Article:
CHARLOTTE, N.C. — It really has been quite a journey these last 10 years for Mike Tolbert, and it’s the course he followed that makes the destination all the more satisfying this week as the former Coastal Carolina University running back prepares to continue the best year of his football career in the NFL playoff spotlight Sunday.
Sitting in front of his locker Thursday at Bank of America Stadium after the Carolina Panthers’ afternoon practice, he reflected on that while thinking back to his days in Conway and the reality he’s achieved for himself since then – one that maybe only he could have fully envisioned.
“I always look at the route that I came and know that [it’s taken] a lot of hard work and a lot of dedication to get here and to stay here,” he said. “It’s a road that’s less traveled, but I’m stronger for it.”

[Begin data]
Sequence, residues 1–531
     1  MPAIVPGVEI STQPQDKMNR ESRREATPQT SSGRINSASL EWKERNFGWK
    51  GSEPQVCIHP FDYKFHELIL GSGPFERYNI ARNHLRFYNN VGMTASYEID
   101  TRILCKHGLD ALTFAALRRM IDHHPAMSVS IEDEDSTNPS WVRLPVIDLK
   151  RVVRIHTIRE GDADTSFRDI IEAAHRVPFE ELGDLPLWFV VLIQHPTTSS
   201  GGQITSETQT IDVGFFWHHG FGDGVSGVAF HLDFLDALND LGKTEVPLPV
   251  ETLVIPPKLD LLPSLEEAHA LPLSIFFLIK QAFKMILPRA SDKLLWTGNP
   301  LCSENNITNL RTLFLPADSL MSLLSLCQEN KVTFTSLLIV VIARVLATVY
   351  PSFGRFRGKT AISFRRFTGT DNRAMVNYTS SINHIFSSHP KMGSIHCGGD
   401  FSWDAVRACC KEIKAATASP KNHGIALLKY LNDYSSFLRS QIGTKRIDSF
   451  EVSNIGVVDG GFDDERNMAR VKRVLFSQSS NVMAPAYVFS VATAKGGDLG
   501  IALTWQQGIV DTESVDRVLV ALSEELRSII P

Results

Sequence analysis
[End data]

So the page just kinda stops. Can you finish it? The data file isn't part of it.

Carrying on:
Tolbert was the unlikely pro prospect playing in college football’s second rung for a startup Coastal program devoid of any legacy or reputation when he arrived in 2004. He was the undrafted free agent, needing to capitalize on any and every opportunity to even earn a chance in the NFL.
And now? Well, now he’s a freshly-minted Pro Bowl selection and The Associated Press’ first-team All-Pro pick at fullback – the first Chanticleer to ever achieve those prestigious designations – as he and the Panthers ready to face the San Francisco 49ers on Sunday in the divisional round of the NFL playoffs.
“You never know when we started football that a guy that just a couple people were recruiting out of Douglasville, Ga., would go on to play in the pros, play in the Pro Bowl and be first-team All-Pro,” former Coastal head coach David Bennett said this week. “I don’t know if Mike ever dreamed of that happening. We’re certainly proud of him.”
Whether his visions for his post-college career were that precise or not, none of this has surprised Tolbert, he insists.
Ask him if there was ever a moment entering the league the way he did when he wondered if it would all come to fruition – there had to be at least some doubt – and he starts shaking his head before the question can be completed.